Partnership to make Narcan available on UW campuses
MADISON (AP) -- The overdose-reversing drug Narcan will be available for use by police on all University of Wisconsin campuses under a partnership announced Wednesday.
Attorney General Brad Schimel joined with UW System President Ray Cross and a representative from Narcan-manufacturer Adapt Pharma to make the announcement. The drug company will make a nasal spray version of Narcan available for free at 10 UW campuses. Narcan is already available under existing partnerships at the other three campuses.
"Of course we never want to use this," Cross said at a news conference in Schimel's Capitol office. "We hope we never have to."
Cross said he's aware of only two people in the past decade on UW campuses who have overdosed from heroin -- one a student and the other a community member who was on campus.
He said even though there haven't been many overdoses, it is important to be prepared.
"All of society is seeing a spike. Why would we not expect to see something happen?" he said. "This is a crisis. We are prepared to try and deal with that. One death of student and or a community member or a staff member because of this is one too many."
Initially, Narcan will be available only to security officers, but the hope is that it can soon be put in the hands of student residence hall advisers, Cross said.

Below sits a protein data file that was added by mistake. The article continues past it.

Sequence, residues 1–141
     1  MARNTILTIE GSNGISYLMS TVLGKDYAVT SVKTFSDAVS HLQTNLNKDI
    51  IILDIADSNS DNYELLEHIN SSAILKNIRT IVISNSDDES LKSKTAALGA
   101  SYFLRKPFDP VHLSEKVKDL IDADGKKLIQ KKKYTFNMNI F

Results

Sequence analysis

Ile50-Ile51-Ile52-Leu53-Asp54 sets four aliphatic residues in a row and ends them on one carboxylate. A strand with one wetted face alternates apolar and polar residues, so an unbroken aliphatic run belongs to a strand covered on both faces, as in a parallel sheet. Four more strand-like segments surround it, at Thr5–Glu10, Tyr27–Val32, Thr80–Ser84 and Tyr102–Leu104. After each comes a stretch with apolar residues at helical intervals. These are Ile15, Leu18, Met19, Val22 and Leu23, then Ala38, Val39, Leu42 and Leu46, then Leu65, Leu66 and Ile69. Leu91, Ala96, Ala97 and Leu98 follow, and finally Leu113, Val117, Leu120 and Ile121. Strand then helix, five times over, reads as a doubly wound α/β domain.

Schimel stressed that Narcan is safe to administer to anyone, even if they are not overdosing but are suspected of needing it. Wisconsin law protects anyone who administers Narcan from liability, he said.
The agreement makes Wisconsin the first state in the country where Narcan is available across an entire university system, Schimel said.
"It should be looked upon as a model for the rest of the universities in the nation," said Adapt Pharma spokesman Thom Doddy.
Adapt Pharma said more than 216 colleges and universities in 35 states have participated in the program to make the opiate antidote available for free since it launched in April. The company also said it has distributed approximately 5,550 free doses to high schools in 41 states.
At UW-Green Bay, the associate dean of students says when the university receives the spray, "The two things we'll do next is number one figure out how we want to implement this so who's going to get trained, who's going to carry it, when is it available," said Mark Olkowski.
Olkowsi went on to say the next step will be to educate the campus community.